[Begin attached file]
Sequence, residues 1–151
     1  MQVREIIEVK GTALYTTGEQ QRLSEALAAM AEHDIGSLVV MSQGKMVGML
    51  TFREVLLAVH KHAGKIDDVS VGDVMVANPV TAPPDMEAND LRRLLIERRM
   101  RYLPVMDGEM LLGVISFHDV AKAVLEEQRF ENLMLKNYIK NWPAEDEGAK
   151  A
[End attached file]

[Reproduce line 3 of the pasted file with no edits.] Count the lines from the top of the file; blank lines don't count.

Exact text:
    51  TFREVLLAVH KHAGKIDDVS VGDVMVANPV TAPPDMEAND LRRLLIERRM